Are you more likely to die by god or The Man?

Somebody posts this comment somewhere on Fb and I see it in my feed: “Because you are more likely to be killed by lightning then police.”

To which I immediately call bullshit. I don’t find this absurd because of the specific nature of the things being compared (police- versus lightning-caused deaths), but because of the stupidity of the statistics involved. Note that this is a post about statistics, not police killings.

The attached graphic shows NOAA data (http://www.lightningsafety.noaa.gov/media.shtml) on lightning deaths by state for a period of 10 years from 2005-2014. You can see that in Delaware, New Hampshire, North Dakota, Washington DC, Alaska, Hawaii, Puerto Rico, the Virgin Islands, and Washington there are no lightning caused deaths. This means that if there were any killings by police in any of those states during any year in that time frame, YOU WERE INFINITELY MORE LIKELY TO BE KILLED BY POLICE THAN BY LIGHTNING in those states during that timeframe.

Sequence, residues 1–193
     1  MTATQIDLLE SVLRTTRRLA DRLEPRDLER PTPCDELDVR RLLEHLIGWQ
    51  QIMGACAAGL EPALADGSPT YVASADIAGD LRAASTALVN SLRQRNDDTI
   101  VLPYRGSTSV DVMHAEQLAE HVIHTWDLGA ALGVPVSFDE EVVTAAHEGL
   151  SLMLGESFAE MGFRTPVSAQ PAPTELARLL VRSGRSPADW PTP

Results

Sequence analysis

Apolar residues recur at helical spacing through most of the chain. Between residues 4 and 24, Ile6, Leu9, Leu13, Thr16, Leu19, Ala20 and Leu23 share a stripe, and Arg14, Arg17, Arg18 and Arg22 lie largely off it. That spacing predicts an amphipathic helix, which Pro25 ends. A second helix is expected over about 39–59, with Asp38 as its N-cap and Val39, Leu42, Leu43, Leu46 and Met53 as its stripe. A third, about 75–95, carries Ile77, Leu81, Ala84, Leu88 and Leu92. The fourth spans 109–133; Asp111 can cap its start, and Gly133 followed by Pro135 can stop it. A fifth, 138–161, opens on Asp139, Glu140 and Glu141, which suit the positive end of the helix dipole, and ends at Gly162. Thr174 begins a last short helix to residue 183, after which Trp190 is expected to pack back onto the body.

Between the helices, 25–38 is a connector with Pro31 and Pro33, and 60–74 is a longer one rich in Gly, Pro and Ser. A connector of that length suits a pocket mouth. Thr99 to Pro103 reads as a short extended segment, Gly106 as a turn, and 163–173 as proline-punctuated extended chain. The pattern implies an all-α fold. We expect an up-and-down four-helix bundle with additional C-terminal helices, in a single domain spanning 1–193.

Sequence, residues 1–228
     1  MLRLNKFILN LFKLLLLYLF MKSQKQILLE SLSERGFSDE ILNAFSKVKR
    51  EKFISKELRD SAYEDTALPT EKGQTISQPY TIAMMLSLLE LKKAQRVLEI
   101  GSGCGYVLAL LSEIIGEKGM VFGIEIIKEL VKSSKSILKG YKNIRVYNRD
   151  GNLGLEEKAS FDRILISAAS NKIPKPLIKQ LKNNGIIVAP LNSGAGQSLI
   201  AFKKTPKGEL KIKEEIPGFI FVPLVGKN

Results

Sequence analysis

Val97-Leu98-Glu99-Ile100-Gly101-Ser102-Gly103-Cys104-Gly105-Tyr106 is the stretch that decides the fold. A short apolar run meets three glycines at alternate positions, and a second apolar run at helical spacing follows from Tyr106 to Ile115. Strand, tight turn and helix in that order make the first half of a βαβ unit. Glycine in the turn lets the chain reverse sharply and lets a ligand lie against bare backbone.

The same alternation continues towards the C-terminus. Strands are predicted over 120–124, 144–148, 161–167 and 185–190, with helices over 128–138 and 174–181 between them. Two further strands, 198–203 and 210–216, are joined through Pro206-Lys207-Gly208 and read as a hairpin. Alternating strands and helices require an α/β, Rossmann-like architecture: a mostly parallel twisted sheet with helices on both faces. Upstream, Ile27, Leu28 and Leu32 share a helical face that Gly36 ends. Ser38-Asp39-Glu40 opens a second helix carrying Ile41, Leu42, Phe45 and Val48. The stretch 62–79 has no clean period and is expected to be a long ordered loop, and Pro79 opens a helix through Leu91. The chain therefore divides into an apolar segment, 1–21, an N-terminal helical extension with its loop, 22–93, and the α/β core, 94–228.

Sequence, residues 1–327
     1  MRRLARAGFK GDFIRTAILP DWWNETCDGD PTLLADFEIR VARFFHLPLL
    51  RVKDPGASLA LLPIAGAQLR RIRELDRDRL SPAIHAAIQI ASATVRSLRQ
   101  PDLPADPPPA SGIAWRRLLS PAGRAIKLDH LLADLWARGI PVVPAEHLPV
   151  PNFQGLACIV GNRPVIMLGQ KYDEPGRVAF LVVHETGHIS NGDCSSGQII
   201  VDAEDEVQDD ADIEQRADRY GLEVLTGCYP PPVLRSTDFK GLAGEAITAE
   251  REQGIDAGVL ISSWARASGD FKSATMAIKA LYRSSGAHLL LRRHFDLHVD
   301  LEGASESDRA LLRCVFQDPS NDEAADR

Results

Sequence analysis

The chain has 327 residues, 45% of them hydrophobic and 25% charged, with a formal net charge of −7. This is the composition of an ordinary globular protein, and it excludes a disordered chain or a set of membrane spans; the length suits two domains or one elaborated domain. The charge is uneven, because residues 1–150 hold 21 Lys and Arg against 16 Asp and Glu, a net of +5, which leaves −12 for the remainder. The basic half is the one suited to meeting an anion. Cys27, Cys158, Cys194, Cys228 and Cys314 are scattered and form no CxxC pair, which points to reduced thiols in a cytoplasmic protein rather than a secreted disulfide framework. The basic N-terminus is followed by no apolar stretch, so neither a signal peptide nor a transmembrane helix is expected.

lightning deaths by state 2005-2014

Wow. Infinitely more likely…that’s major. Except, it probably isn’t because it’s not descriptive of anything that people should actually care about nor is it at all predictive. For example (and this is just a hypothetical example that is meant to be plausible but is not described herein as true), if you live in Florida but you make a point of never being outside when there is a storm, then you are probably never going to have any chance of dying from a lightning strike.

People generally seem to think that: if X people die from some activity (in some place, for some period of time), and there are Y people in the target demographic, then X/Y is the probability of some other person dying from the same activity. But this is not at all what anybody actually cares about (and it’s wrong, but more on the wrong-ness in the next paragraph). Because as individuals at risk of death we don’t care about the aggregate; in as much as we think about it at all, we care about our own particular situation in any given place at any given time.